Sir Issac Newton
Samuel Pierpont Langley was born on August 22, 1834. He could have gone to Harvard but instead chose to become an apprentice under an architect and a civil engineer. Langley trained himself as a scientist. He built amateur telescopes and toured around Europe visiting the different observatories. For a time he was professor of physics and director of the Allegheny Observatory in Pittsburgh, Pennsylvania.
From the time that Langley was a child the Sun fascinated him. He said "I used to hold up my hands and wonder how the rays made them feel warm, and where the heat came from, and how." He became actively involved in Sun research after he went on an expedition to observe a solar eclipse. He felt is was the "grandest spectacle nature offers" so he decided to start studying the heavens and especially the Sun.
He drew detailed drawings of sunspots. But he didn't know what they did and that started his search for the solar constant; which is the average amount of solar energy available above the atmosphere at the Earth's average distance from the Sun. He first began using a photometer in his investigations but it wasn't accurate enough because it couldn't give him an absolute quantitative measure.
He established the Smithsonian Astrophysical Observatory as a center for studies of "the new astronomy." He was personally interested in the Sun and the relationship between the Sun and the Earth.
In 1878 he developed an instrument he called his "ray measurer" or bolometer. Basically it was two thin platinum strips that were equal in dimension and electrical resistance. The strips were painted black and absorbed 97% of the solar radiation that fell on them. He connected a storage battery to them but when both strips were exposed to the same conditions no current would flow between them.
To work the bolometer and take a reading he would cover one of the strips and leave one exposed to the sunlight. When the uncovered strip became warmer its resistance increased and currents flowed which could be measured by the galvanometer. This made it possible to detect even minute temperature changes. Langley said that the effect was like putting your finger on the throttle of a steam engine.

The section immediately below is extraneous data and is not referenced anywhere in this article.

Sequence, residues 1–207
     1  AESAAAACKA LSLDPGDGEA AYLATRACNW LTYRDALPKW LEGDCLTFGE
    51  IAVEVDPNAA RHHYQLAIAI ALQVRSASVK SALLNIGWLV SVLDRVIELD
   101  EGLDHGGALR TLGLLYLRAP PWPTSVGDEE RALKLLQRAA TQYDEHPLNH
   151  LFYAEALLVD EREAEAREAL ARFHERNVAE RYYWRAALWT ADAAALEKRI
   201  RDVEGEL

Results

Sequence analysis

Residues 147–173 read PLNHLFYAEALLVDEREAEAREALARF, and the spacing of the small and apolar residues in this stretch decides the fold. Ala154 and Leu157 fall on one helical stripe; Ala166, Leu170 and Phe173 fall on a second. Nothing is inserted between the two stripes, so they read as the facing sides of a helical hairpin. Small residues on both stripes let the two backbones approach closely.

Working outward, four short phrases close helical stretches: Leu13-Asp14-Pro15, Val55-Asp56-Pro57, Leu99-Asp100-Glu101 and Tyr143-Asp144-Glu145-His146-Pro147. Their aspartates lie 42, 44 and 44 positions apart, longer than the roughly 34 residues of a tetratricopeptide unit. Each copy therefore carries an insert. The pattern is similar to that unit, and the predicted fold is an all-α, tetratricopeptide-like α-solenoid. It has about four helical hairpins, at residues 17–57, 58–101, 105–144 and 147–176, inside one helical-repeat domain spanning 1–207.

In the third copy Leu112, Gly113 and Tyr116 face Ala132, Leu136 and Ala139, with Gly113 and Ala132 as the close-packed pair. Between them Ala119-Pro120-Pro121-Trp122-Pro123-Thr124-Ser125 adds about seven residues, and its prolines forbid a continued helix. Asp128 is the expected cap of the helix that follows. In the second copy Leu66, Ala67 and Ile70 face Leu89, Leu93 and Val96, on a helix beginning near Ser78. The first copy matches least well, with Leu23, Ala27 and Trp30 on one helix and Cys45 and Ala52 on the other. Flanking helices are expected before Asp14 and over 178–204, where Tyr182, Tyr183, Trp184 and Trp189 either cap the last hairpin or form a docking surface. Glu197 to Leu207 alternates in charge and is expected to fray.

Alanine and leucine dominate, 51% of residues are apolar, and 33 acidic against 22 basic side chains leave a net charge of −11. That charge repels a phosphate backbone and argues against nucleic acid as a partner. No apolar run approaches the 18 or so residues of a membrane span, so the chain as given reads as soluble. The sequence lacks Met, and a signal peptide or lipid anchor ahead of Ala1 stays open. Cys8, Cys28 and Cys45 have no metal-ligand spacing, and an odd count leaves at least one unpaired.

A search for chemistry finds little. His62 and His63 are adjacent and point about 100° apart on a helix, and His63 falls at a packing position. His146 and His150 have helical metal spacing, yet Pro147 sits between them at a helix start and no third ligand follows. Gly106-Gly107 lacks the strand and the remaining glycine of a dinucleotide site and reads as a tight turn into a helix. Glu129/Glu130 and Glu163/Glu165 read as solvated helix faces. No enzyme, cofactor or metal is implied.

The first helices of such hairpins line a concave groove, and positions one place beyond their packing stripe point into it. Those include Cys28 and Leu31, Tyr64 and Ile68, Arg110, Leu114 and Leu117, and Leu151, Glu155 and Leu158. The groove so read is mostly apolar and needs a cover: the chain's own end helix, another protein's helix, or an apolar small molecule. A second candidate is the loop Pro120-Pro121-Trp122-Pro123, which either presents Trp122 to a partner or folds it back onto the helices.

He was doing this work in Pittsburgh, Pennsylvania and at the time there was a lot of smog from the industries in town. He thought the smog might be interfering with his work so he moved it to Mt. Whitney California. There the weather was so clear he was able to take more accurate readings. These readings which were 3.0 calories per centimeter per minute were the accepted number for the solar constant until twenty years later when his assistant, Charles Abbot, who later followed him at the Smithsonian corrected the number to 2.1 calories.
The Smithsonian Institution Annual Report of 1900 states, "Langley went down the spectrum, noting evidence of visible heat die out on the scale of the instrument until he came to the apparent end...beyond which the most prolonged research had shown nothing...By some happy thought, he pushed the indications of this delicate instrument into the region still beyond. In the still air of this lofty region, the sunbeams passed unimpeded to the mists of the lower earth, and the curve of heat, which had fallen to nothing, began to rise again. There was something there. For he found, suddenly and unexpectedly, a new spectrum of great extent, wholly unknown to science and whose presence was revealed by the new instrument, the bolometer."
From this research years ago the SAO now plans to have ready in 1998 an array of six submillimeter-wave radio telescopes that can make high resolution observations in the electromagnetic spectrum from Earth. This will open up a whole new ability to study the universe. It is a further advancement of the bolometer invented by Langley.
Samuel Langley died in 1906 after having a series of strokes. Solar research was just starting to show some real advancements in part helped by his research.
©Copyright 1998 Elizabeth
Beckett, Holly Bernitt, and Vishwa Chandra.